, Volume 814, Issue 1, pp 175–189 | Cite as

Nutrient availability reduced in older rural impoundments in coastal Bay of Fundy, Canada

  • Amanda L. Loder
  • Mark L. Mallory
  • Ian S. Spooner
  • Maxwell Turner
  • Nic R. McLellan
Primary Research Paper


The Cumberland Marsh Region (CMR), located at the head of the Bay of Fundy, is an important area for waterbird foraging, and wetland restoration and creation. Wetland managers in the CMR have observed that waterbird usage is high when wetlands (impoundments) are newly created, but can decline upon impoundment aging—a phenomenon called wetland senescence that is not well understood. We examined surface water chemistry among newly created and older impoundments in the CMR during the summer months (when waterbird breeding and staging are important), and hypothesized that nutrient availability would be reduced in older impoundments if nutrient loadings were primarily of internal origin. Despite ample rainwater and proximate agricultural sources, macro and micronutrient concentrations in impoundment surface water were significantly higher in newly created impoundments (< 1 year), and reduced in older impoundments (> 30 years) and impoundments 5–7 years in age. We suspect that impoundment creation has potential to generate high productivity levels, and older impoundments lack land-derived nutrients and may not sustain long-term nutrient availability when waterfowl brood foraging is important. More research is required to better understand wetland rehabilitation strategies that can help sustain nutrient availability, and inputs and pathways in impoundments.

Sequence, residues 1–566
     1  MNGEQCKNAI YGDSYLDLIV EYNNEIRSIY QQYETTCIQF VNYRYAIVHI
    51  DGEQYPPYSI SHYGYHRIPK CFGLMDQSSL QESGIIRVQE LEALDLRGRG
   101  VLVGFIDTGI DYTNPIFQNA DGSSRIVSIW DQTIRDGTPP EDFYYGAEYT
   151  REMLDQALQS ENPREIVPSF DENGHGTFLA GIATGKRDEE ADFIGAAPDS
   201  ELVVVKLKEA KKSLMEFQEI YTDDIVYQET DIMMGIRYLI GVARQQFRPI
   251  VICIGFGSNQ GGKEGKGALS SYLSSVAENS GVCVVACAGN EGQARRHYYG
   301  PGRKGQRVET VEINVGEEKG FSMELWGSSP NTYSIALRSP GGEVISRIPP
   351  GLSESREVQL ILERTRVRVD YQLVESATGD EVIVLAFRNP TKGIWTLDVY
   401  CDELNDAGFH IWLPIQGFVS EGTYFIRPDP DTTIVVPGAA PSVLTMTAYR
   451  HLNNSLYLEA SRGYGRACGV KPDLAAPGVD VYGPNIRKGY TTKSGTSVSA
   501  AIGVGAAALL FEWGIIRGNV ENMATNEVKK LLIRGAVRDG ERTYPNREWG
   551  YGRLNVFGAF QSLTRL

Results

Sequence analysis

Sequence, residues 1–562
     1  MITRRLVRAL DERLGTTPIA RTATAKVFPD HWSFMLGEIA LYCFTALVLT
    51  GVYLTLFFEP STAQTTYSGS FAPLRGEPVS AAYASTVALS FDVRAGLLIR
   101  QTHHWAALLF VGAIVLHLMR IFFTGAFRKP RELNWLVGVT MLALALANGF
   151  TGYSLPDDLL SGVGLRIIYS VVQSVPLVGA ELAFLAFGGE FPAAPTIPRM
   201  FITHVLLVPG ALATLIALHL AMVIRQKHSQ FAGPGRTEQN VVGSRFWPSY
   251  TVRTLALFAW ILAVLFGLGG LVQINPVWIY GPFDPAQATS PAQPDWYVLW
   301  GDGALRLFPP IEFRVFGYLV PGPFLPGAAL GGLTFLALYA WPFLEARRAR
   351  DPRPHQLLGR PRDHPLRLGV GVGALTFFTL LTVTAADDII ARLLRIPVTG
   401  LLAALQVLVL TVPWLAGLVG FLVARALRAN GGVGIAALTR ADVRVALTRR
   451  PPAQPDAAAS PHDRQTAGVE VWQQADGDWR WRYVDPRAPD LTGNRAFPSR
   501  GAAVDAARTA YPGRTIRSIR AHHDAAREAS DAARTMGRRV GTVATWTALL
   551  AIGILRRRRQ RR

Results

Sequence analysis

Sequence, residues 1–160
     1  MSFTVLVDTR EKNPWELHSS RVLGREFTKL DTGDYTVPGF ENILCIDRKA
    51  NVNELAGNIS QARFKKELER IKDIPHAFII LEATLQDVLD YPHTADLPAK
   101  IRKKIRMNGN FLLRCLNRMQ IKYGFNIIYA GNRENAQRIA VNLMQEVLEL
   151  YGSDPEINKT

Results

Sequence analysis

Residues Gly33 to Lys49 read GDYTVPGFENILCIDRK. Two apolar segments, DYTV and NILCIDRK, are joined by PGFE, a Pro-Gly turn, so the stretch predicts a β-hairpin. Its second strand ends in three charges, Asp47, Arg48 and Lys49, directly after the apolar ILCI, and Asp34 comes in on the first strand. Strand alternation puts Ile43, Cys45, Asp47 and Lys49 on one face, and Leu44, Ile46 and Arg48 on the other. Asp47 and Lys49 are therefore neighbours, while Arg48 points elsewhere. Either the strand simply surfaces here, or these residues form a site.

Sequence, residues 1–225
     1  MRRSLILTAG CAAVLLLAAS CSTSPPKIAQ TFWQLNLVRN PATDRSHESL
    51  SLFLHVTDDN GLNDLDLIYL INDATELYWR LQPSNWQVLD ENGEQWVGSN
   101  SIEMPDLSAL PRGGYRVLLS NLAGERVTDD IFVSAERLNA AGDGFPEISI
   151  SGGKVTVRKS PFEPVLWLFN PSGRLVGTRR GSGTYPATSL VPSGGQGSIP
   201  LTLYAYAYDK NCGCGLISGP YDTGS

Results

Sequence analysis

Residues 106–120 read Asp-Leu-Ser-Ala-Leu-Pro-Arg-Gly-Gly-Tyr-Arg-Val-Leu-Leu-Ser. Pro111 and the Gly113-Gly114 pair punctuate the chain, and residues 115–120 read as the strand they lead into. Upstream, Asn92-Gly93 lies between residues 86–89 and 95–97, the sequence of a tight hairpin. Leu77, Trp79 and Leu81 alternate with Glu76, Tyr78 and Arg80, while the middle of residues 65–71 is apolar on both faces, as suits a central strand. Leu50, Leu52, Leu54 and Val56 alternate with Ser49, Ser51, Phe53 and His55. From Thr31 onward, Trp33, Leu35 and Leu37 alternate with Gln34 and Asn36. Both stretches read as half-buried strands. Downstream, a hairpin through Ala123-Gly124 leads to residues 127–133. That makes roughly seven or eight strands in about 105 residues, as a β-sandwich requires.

Wetlands Impoundments Habitat Nutrients Phosphorus Nitrogen 



Financial support for this project was provided by the Natural Sciences and Engineering Research Council of Canada, the Canada Research Chairs program, Ducks Unlimited Canada and Acadia University. Thanks to Andrew Kennedy and the Canadian Wildlife Service for logistic support and providing a research permit for field work. We thank the referees for helpful and insightful comments on an earlier version of this manuscript.

Supplementary material

10750_2018_3535_MOESM1_ESM.docx (283 kb)
Supplementary material 1 (DOCX 25 kb)


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Copyright information

© Springer International Publishing AG, part of Springer Nature 2018

Authors and Affiliations

  • Amanda L. Loder
    • 1
  • Mark L. Mallory
    • 1
  • Ian S. Spooner
    • 2
  • Maxwell Turner
    • 2
  • Nic R. McLellan
    • 3
  1. 1.Department of BiologyAcadia UniversityWolfvilleCanada
  2. 2.Department of Earth and Environmental ScienceAcadia UniversityWolfvilleCanada
  3. 3.Ducks Unlimited CanadaAmherstCanada

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